Copyright Paul Corbit Brown 2013
“Syncronicity is: I was reading your blog the other evening when I was in Rome, and a few hours later, I decided to take a walk thru the streets (actually it was the wee hours of the morning) and I found this…”
— Paul Corbit Brown, May 14, 2013
Paul Corbit Brown has been photographing since he was twelve years old. His work has carried him throughout the United States, Mexico, Jamaica, Russia, Israel, Palestine, Kurdistan (Northern Iraq), Kenya, Rwanda, Laos, Thailand, Indonesia, and most recently Haiti. Brown has a gift for simultaneously accepting the humanity of each person he depicts and unsentimentally sizing them up. His photographs are clear-eyed looks at the difficult situations the individuals portrayed live in, but because of their directness and compassion they are hauntingly beautiful.
Over the past year, I’ve become fascinated with stories about childhood encounters with animals. It started with Julian Martin’s description of his grandmother clubbing, skinning, and cooking a groundhog; since then, it seems everywhere I turn I hear great stories about courage, life and death, love and affection, loyalty and hearbreak connected to children and animals.
What’s your story?
I hope you’ll consider being a writer this year for the Essays on Childhood project. (Click the link to see deadlines.) I am working on an essay right now that I plan to share via EOC, and I leave you with a little portion of the story to, hopefully, inspire you to jump in!
Some months after Peter’s death, a black snake took up residence around the brick patio in our back yard. It was the perfect situation for him. The bricks heated up to a glorious baking warmth under the summer sun, and he could bask all forty inches of himself for hours undisturbed. My mother knew black snake in the garden was a good thing. Black snakes, or “rat snakes,” have no venom and are not aggressive toward humans. Shy and retiring, all they really want are three things. They want to lie on a rock in the sun. They want to be left alone. They want to eat small mammals.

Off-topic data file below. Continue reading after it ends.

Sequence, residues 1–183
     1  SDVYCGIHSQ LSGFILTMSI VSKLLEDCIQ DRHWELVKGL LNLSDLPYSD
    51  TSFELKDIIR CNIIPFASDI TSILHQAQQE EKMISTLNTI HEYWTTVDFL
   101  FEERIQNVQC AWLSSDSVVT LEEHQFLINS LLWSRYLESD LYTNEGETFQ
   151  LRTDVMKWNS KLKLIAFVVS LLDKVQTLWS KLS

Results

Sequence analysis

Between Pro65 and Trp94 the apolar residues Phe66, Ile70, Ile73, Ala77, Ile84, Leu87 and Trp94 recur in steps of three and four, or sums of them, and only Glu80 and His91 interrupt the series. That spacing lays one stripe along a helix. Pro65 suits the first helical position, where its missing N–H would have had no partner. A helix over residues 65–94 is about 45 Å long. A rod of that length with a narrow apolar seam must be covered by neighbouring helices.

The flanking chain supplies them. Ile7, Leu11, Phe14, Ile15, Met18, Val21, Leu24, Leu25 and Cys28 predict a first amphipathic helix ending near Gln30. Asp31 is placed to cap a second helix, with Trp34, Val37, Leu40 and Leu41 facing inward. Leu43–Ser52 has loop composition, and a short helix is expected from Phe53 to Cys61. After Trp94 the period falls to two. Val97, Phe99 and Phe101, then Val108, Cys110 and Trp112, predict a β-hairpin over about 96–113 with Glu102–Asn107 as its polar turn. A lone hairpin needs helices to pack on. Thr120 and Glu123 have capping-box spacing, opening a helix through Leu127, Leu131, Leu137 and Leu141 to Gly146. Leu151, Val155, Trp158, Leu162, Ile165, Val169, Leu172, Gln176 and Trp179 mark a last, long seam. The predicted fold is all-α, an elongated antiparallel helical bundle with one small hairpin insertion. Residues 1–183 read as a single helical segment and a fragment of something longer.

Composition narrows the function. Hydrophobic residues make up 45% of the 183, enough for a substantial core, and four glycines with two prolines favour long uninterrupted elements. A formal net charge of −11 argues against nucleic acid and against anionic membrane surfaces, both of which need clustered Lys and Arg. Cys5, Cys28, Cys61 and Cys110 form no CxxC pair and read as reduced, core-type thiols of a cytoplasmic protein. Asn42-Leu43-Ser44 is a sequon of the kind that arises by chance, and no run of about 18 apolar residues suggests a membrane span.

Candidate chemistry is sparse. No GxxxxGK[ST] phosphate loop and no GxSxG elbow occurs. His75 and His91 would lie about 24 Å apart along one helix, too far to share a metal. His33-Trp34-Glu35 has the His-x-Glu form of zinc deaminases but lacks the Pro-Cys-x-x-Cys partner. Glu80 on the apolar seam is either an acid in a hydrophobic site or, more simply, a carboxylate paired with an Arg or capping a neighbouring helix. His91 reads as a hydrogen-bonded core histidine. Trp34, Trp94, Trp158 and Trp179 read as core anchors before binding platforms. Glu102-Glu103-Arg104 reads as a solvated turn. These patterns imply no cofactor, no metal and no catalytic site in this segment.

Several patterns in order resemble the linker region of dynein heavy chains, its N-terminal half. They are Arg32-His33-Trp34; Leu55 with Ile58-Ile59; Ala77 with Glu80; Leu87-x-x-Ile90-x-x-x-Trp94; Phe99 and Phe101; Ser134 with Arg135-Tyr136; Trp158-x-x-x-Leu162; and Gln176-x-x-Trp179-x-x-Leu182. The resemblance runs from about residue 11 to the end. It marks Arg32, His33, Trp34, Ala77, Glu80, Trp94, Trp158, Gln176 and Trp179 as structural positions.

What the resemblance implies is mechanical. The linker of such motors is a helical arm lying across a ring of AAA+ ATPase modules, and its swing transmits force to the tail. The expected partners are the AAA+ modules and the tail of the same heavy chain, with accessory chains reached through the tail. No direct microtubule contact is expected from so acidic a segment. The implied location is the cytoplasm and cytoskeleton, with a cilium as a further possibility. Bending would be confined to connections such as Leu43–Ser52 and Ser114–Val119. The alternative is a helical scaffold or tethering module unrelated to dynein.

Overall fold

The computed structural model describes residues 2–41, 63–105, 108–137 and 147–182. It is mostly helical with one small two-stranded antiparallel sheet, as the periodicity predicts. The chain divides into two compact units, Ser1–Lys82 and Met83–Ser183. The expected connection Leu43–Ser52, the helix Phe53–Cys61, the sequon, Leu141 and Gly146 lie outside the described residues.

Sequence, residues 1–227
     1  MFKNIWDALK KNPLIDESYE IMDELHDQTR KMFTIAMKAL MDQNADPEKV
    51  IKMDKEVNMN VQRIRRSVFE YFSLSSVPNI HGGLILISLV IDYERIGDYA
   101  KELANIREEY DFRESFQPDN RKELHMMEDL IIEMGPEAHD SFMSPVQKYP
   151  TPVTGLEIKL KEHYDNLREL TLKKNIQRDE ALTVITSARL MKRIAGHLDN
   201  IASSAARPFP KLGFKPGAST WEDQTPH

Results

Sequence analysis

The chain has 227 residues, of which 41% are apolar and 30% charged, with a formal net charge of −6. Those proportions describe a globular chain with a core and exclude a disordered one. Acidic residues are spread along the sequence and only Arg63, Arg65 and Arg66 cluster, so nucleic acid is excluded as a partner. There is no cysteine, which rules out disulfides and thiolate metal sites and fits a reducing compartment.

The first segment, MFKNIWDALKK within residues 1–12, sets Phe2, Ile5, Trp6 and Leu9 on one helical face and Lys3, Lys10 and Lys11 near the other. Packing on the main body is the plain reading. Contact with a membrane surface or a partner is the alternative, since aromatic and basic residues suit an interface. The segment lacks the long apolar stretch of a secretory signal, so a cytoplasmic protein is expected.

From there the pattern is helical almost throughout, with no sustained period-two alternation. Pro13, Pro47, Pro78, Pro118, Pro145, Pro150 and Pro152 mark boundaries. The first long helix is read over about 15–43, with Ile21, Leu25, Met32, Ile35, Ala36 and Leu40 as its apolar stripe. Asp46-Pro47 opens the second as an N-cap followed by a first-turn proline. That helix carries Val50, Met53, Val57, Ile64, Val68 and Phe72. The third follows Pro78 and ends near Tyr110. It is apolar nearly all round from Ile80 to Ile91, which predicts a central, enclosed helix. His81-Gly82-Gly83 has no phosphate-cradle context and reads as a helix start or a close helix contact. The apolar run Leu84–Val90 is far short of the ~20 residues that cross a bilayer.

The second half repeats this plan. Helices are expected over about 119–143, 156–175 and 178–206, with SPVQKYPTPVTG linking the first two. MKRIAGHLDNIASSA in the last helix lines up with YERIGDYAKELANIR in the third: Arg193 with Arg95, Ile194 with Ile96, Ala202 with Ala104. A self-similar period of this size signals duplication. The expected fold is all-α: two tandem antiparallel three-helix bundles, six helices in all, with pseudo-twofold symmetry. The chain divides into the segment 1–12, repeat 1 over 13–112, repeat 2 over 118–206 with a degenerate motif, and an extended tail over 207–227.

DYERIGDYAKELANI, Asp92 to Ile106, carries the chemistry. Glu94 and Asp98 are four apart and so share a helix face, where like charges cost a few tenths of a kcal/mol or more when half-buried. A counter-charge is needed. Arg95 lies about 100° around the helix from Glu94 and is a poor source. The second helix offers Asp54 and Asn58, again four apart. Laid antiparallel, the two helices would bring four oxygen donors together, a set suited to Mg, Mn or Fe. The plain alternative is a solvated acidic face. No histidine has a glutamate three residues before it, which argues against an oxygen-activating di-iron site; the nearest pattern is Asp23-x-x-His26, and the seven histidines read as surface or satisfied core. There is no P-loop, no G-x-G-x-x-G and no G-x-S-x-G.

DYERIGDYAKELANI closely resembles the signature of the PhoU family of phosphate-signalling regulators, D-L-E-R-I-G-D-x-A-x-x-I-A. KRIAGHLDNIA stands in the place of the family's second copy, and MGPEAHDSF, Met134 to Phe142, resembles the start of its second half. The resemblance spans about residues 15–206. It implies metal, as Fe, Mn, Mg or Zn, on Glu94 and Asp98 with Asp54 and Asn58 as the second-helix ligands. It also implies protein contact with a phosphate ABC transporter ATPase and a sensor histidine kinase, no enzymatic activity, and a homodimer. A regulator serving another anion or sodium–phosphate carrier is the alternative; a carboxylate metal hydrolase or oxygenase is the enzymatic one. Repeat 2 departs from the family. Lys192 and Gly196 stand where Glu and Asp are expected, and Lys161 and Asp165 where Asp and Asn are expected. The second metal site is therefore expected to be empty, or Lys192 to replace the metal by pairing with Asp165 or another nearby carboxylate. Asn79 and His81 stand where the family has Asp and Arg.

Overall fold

This snake was doing well for himself on our property, and he no doubt was benefitting us as he ingested pests like mice, moles, and shrews that otherwise might have overrun our shared environment. Every now and then we would find one of his shed skins, long and lacy, lying on the patio. My mother named him “Oscar,” and she took a special pride in allowing him to co-exist with us. When other neighborhood mothers would shudder and say, “Betty, I just don’t know why you haven’t killed that snake. It’s hideous. Aren’t you scared he’ll bite the children?” she would laugh and present a lecture on the nature of black snakes and the long list of good things they bring to any house fortunate enough to attract them. My mother was loyal to Oscar, and he was constant and true to his nature, as we all expected he would be.
Then came the day when the nature of a black snake challenged mom’s allegiance.